[2] An attorney was monitoring the case on behalf of the Cranes' underinsured motorist carrier at the time the deposition was taken but the attorney did not participate in the deposition. It appears he did have access to the contents of the deposition. This same attorney undertook the liability defense of the Cranes when they were added as parties. The record does not indicate the Cranes ever noticed the doctor's deposition after they became parties. Under Rule 30(a)(2), SCRCP, a witness's deposition may only be taken one time in any case "except by agreement of the parties ... or by order of the court for good cause shown." The Cranes could have applied to the court to take the doctor's deposition if they felt it necessary to explore areas of inquiry not covered by the previous deposition.

[3] Appellate counsel for the Cranes was not trial counsel. However, appellate counsel is bound by the actions of trial counsel since the appellate court will not consider matters not presented to and ruled upon by the trial court. Price v. Pickers County, ___ S.C. ___, ___, 416 S.E. (2d) 666, 668 (Ct. App. 1992) (Davis Adv. Sh. No. 10 at 9). In any event, we have examined the deposition testimony and the unexplored areas of inquiry raised by appellate counsel in the brief. We do not find sufficient grounds to reverse the decision of the trial court.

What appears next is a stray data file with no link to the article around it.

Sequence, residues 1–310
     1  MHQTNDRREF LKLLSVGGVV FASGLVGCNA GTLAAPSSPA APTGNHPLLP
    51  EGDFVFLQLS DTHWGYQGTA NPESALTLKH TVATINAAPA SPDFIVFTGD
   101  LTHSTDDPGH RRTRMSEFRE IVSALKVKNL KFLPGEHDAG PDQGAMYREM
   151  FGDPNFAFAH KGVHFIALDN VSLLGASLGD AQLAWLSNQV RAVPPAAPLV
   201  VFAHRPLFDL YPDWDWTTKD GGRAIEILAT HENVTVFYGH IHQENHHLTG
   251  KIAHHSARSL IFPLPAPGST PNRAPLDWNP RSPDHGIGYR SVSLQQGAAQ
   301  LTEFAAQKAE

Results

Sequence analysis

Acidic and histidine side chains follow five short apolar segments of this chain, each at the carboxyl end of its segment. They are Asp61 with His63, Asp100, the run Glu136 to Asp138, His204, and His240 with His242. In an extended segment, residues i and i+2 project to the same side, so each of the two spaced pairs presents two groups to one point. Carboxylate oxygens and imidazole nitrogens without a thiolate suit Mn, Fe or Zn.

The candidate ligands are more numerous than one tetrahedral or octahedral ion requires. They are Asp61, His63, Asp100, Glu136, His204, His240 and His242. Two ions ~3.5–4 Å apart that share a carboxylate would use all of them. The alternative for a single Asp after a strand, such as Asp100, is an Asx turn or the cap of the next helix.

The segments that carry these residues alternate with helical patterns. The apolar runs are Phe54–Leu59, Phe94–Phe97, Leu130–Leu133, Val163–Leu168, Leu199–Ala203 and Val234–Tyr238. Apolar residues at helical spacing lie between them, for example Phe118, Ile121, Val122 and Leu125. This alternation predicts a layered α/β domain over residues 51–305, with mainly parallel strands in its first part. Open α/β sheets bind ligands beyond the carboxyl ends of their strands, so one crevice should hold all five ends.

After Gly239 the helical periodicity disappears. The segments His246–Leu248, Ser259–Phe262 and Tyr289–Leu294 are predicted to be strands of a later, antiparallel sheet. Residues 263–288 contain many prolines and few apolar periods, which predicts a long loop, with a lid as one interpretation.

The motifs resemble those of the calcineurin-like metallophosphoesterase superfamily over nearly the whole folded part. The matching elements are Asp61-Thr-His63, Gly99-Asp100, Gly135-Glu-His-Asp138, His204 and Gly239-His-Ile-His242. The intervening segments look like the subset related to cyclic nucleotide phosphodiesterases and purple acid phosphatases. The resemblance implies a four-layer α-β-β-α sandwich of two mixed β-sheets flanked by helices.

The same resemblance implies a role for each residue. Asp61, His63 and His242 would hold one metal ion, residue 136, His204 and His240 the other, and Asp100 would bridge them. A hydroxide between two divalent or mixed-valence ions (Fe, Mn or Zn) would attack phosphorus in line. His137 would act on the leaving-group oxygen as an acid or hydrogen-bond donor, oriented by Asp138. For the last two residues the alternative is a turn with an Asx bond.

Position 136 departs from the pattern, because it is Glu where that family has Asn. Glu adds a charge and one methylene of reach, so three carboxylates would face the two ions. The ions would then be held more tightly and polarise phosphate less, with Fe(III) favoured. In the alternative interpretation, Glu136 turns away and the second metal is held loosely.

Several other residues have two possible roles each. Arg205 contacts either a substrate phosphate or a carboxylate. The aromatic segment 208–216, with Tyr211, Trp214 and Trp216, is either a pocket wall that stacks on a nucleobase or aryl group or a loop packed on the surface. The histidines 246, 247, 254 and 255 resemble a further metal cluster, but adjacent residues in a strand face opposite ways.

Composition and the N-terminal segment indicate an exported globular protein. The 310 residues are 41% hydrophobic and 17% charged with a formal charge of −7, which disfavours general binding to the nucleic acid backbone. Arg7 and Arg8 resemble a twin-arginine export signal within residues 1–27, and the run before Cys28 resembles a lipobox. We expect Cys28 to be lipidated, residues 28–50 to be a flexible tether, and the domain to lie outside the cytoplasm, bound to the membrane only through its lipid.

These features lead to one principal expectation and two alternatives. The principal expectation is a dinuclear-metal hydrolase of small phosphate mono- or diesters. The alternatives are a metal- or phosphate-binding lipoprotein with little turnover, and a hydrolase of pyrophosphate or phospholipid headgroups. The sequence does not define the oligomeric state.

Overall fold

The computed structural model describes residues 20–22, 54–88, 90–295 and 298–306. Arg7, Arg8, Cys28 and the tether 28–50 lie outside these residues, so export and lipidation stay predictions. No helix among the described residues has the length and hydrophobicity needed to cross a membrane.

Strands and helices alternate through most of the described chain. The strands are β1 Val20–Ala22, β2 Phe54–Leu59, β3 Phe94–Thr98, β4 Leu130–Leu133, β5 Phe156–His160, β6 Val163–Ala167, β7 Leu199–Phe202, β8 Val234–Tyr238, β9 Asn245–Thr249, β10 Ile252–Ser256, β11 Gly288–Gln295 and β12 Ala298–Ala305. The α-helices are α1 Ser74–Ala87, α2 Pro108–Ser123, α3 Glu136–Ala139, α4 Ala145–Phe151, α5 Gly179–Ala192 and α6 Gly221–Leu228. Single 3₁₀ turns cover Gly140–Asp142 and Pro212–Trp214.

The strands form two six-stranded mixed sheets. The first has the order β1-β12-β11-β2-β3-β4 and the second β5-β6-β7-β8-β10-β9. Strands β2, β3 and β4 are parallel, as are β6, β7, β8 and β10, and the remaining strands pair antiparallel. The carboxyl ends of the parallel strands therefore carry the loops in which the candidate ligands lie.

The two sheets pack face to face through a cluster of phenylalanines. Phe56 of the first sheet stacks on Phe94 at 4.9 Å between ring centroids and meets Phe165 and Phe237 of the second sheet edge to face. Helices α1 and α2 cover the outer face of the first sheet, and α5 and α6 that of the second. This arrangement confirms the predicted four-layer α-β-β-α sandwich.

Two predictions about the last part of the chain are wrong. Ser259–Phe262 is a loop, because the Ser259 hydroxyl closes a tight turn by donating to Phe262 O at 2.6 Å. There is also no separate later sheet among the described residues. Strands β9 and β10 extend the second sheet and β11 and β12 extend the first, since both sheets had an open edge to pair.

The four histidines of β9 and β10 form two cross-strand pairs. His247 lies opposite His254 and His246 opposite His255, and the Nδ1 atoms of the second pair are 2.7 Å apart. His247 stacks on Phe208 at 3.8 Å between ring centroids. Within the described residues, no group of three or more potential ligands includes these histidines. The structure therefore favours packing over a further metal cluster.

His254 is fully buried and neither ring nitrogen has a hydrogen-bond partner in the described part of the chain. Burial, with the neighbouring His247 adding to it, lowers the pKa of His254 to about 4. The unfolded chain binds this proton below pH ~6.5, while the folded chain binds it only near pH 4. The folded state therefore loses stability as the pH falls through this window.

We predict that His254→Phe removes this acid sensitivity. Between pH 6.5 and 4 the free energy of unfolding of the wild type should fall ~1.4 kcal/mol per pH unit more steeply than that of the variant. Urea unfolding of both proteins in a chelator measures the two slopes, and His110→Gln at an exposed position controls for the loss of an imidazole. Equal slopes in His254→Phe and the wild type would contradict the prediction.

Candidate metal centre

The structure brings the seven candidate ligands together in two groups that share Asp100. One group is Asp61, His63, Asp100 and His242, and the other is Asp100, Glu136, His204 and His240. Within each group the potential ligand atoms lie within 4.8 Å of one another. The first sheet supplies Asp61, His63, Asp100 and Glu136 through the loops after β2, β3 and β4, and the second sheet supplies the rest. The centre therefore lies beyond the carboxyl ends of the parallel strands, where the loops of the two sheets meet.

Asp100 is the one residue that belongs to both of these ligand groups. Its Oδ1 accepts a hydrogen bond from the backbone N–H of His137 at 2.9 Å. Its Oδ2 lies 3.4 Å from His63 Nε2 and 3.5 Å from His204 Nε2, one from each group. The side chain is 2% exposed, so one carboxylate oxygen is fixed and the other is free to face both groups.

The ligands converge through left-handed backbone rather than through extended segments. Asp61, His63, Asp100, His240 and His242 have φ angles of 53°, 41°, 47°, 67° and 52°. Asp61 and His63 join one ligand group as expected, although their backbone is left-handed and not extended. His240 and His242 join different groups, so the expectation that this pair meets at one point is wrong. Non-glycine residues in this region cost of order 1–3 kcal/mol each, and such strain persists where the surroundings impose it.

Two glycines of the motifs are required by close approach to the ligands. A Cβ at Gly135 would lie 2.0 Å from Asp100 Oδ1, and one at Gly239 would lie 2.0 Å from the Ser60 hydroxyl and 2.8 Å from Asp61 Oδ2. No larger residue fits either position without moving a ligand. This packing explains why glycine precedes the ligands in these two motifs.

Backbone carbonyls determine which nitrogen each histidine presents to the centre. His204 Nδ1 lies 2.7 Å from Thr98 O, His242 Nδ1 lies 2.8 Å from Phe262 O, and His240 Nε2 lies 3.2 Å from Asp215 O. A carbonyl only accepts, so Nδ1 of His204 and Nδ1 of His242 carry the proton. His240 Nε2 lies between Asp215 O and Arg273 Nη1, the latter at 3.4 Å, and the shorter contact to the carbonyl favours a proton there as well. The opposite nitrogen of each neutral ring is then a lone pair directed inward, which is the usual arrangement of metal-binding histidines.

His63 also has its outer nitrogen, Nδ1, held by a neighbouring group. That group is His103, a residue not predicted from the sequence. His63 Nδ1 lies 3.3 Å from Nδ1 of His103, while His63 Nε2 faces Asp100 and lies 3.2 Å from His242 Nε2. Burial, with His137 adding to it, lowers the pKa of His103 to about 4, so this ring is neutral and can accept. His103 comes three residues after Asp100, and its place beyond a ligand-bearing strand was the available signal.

[4] Connie Crane was joined as a defendant under the family purpose doctrine. No separate issue is presented on appeal concerning her liability.